Division of labour within flowers: heteranthery, a floral strategy to reconcile contrasting pollen fates

J Evol Biol. 2009 Apr;22(4):828-39. doi: 10.1111/j.1420-9101.2009.01693.x.


In many nectarless flowering plants, pollen serves as both the carrier of male gametes and as food for pollinators. This can generate an evolutionary conflict if the use of pollen as food by pollinators reduces the number of gametes available for cross-fertilization. Heteranthery, the production of two or more stamen types by individual flowers reduces this conflict by allowing different stamens to specialize in 'pollinating' and 'feeding' functions. We used experimental studies of Solanum rostratum (Solanaceae) and theoretical models to investigate this 'division of labour' hypothesis. Flight cage experiments with pollinating bumble bees (Bombus impatiens) demonstrated that although feeding anthers are preferentially manipulated by bees, pollinating anthers export more pollen to other flowers. Evolutionary stability analysis of a model of pollination by pollen consumers indicated that heteranthery evolves when bees consume more pollen than should optimally be exchanged for visitation services, particularly when pollinators adjust their visitation according to the amount of pollen collected.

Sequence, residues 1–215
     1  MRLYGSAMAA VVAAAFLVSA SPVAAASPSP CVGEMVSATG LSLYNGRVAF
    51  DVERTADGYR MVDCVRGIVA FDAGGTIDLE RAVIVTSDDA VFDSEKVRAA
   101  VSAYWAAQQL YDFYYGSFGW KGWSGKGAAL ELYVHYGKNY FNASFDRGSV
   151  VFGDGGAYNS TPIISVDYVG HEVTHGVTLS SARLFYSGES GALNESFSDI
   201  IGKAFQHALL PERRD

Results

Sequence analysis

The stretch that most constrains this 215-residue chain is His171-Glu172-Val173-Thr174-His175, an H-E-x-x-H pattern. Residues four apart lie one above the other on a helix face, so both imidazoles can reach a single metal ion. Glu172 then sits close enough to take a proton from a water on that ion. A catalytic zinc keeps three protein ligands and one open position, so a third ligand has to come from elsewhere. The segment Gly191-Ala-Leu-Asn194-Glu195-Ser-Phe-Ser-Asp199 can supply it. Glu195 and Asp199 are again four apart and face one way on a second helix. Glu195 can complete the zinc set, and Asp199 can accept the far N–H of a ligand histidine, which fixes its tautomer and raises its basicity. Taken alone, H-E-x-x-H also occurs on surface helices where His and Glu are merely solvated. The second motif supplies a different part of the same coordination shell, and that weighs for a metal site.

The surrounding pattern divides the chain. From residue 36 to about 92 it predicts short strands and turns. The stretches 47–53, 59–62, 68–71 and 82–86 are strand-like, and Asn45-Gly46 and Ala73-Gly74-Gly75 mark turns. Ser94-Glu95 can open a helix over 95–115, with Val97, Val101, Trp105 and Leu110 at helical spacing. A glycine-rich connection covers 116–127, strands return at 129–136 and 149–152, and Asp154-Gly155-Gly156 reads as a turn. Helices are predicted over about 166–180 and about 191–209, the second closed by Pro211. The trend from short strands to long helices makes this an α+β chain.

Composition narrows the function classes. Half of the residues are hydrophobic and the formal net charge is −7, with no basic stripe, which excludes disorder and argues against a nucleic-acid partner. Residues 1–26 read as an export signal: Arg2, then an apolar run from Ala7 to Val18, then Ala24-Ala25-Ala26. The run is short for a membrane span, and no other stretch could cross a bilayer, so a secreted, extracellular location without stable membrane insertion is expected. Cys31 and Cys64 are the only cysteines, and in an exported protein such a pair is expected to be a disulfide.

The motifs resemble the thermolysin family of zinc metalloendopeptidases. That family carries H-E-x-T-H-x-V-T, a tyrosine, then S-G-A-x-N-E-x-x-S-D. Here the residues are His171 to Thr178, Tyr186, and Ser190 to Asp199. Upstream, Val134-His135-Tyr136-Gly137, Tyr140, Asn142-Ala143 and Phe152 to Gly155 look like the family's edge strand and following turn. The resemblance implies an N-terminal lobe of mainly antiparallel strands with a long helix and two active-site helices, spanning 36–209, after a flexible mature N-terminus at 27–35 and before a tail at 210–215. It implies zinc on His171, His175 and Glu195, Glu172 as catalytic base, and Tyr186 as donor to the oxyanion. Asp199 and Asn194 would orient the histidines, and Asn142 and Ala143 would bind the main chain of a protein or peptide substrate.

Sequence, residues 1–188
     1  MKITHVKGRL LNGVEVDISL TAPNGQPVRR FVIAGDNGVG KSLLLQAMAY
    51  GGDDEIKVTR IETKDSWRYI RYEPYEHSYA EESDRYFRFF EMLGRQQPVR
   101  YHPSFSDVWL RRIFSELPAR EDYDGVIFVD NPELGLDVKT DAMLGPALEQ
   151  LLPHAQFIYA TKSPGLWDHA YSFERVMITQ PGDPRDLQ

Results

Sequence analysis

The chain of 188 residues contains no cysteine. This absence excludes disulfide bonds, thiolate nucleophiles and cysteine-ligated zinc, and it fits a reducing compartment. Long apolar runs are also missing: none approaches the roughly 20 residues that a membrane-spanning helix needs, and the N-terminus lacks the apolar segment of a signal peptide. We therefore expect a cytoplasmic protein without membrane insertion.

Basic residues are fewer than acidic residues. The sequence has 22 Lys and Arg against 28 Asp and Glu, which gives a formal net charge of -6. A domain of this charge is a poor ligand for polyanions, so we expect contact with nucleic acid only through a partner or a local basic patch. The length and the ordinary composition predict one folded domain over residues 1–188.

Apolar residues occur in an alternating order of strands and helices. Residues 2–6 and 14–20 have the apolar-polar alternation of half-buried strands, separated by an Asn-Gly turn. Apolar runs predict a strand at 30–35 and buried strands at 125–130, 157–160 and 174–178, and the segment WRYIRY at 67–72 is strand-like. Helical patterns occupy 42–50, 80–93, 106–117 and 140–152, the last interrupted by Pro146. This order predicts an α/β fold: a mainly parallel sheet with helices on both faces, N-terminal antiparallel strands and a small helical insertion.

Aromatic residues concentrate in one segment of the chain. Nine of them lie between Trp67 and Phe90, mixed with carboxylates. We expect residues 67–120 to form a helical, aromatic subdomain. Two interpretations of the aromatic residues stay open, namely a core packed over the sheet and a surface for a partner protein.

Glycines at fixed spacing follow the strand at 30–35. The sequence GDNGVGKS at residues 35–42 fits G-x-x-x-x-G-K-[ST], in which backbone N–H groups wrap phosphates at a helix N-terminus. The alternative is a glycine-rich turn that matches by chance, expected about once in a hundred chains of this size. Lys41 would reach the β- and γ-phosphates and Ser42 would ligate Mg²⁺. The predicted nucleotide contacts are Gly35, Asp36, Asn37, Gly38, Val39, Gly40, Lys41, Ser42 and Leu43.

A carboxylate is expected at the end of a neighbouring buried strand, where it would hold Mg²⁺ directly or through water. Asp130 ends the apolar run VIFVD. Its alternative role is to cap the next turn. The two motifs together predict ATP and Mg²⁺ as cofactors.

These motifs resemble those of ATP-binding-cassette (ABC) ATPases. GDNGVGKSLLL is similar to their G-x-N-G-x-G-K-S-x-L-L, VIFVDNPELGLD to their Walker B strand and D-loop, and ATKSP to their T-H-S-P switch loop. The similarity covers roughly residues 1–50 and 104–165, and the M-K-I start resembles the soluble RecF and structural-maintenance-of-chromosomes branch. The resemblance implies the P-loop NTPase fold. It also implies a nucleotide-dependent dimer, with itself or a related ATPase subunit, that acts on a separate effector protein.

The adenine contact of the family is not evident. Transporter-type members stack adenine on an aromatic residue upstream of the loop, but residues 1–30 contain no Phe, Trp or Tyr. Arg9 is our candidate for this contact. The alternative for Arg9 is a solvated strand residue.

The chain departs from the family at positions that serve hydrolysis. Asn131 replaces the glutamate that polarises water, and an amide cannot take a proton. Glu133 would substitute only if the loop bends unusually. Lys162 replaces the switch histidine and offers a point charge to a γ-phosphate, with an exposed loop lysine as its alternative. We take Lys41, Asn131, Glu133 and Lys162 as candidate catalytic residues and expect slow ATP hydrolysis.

Publication types

  • Research Support, Non-U.S. Gov't

MeSH terms

  • Animals
  • Bees / physiology*
  • Behavior, Animal
  • Biological Evolution
  • Flowers / anatomy & histology*
  • Flowers / physiology*
  • Models, Biological
  • Pollen / physiology*
  • Solanum / anatomy & histology
  • Solanum / physiology*